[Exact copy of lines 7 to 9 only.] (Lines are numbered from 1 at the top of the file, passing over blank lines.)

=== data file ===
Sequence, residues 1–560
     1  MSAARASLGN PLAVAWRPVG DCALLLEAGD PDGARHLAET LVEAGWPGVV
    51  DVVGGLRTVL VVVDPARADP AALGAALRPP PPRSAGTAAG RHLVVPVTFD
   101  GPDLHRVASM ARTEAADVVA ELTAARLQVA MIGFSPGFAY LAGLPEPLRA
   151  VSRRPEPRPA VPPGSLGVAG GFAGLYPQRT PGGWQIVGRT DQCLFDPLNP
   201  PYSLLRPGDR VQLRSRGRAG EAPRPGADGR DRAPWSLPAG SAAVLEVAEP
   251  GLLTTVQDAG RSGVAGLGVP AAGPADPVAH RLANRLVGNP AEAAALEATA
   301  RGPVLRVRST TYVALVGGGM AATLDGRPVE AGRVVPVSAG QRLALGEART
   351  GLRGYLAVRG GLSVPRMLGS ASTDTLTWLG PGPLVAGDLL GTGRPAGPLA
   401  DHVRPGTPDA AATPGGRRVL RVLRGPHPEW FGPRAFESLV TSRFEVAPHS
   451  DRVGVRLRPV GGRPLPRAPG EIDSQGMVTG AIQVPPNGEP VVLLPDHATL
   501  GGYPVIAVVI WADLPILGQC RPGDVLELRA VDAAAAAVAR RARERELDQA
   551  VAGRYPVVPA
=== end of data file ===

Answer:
   251  GLLTTVQDAG RSGVAGLGVP AAGPADPVAH RLANRLVGNP AEAAALEATA
   301  RGPVLRVRST TYVALVGGGM AATLDGRPVE AGRVVPVSAG QRLALGEART
   351  GLRGYLAVRG GLSVPRMLGS ASTDTLTWLG PGPLVAGDLL GTGRPAGPLA